The mechanically actuated connector 360 can be coupled to the controller. The connection between the power source (not shown in Figure 2) and the controller can be provided via the mechanically actuated connector 360. The mechanically actuated connector 360 can be in a connected state to connect the power source to the controller, and in a disconnected state to disconnect the power source from the controller. The user of the workstation can manipulate the mechanically actuated connector 360, such as sliding the connector 360 in a first direction 370 to establish a first state, e.g. a connected state, and the user of the workstation can manipulate the mechanically actuated connector 360, such as sliding the connector 360 in a second direction opposite the first direction 370 to establish a second state, e.g., a disconnected state. Other techniques can be used to manipulate the mechanically actuated connector to alternate between the connected state and the disconnected state, as described below. When the mechanically actuated connector 360 is in the connected state, a height adjustment user interface 365 can also be exposed, e.g., on a top surface of the connector 360, thereby allowing the user to adjust the height of the worksurface 332. In some example configurations, the user of the workstation can expose the height adjustment user interface 365 simultaneously when the user of the workstation manipulates the mechanically actuated connector 360.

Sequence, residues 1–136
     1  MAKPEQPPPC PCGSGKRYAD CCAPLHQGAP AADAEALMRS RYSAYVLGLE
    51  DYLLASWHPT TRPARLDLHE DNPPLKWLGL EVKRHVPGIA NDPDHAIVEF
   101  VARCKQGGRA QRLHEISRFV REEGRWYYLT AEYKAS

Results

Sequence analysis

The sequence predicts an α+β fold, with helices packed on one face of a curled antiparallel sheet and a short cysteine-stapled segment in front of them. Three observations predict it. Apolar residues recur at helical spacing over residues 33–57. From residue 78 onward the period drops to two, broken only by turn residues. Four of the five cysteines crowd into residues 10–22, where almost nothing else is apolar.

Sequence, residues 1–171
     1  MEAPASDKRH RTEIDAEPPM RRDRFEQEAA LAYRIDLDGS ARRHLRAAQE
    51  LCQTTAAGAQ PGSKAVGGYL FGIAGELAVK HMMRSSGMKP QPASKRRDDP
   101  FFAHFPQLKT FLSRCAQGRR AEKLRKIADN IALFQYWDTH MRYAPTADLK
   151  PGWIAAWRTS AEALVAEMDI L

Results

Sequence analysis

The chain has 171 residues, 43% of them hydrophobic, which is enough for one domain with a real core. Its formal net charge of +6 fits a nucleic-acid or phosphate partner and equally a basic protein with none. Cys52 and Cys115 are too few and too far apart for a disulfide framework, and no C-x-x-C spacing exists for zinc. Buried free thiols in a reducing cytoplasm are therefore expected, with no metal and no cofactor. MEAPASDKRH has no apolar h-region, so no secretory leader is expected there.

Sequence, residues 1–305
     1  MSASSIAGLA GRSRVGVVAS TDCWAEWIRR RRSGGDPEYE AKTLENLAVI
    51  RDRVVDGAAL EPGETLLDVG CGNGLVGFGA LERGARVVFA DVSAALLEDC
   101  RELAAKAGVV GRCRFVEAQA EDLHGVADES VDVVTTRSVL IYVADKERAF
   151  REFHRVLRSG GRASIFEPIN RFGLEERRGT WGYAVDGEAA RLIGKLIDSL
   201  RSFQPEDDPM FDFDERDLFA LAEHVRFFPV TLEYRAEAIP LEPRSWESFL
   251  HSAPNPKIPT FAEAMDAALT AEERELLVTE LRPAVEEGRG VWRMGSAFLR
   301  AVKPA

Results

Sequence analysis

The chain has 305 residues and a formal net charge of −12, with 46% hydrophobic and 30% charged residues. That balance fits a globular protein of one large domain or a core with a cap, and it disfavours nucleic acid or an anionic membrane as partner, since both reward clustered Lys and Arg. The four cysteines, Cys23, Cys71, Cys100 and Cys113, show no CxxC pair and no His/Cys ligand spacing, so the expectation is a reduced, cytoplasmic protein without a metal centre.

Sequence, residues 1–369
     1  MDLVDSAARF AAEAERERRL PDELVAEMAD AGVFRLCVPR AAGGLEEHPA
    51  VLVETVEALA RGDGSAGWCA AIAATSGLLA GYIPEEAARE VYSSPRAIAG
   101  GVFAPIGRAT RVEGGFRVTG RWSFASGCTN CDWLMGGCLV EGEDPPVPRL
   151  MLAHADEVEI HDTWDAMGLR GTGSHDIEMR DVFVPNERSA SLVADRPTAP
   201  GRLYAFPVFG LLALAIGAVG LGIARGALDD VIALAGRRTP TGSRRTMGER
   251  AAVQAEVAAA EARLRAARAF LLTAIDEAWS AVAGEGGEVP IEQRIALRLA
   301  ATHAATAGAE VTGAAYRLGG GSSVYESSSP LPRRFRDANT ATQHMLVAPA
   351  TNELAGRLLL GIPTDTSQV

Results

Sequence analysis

Figure 3 is a perspective view of another example of a height adjustable workstation. The height adjustable workstation 400 can include a work surface 410 and a foot assembly 420. The foot assembly 420 can be adapted to rest upon a foundation (e.g., a floor, a desktop, or the like). The height adjustable w'orkstation 400 can implement various techniques of this disclosure.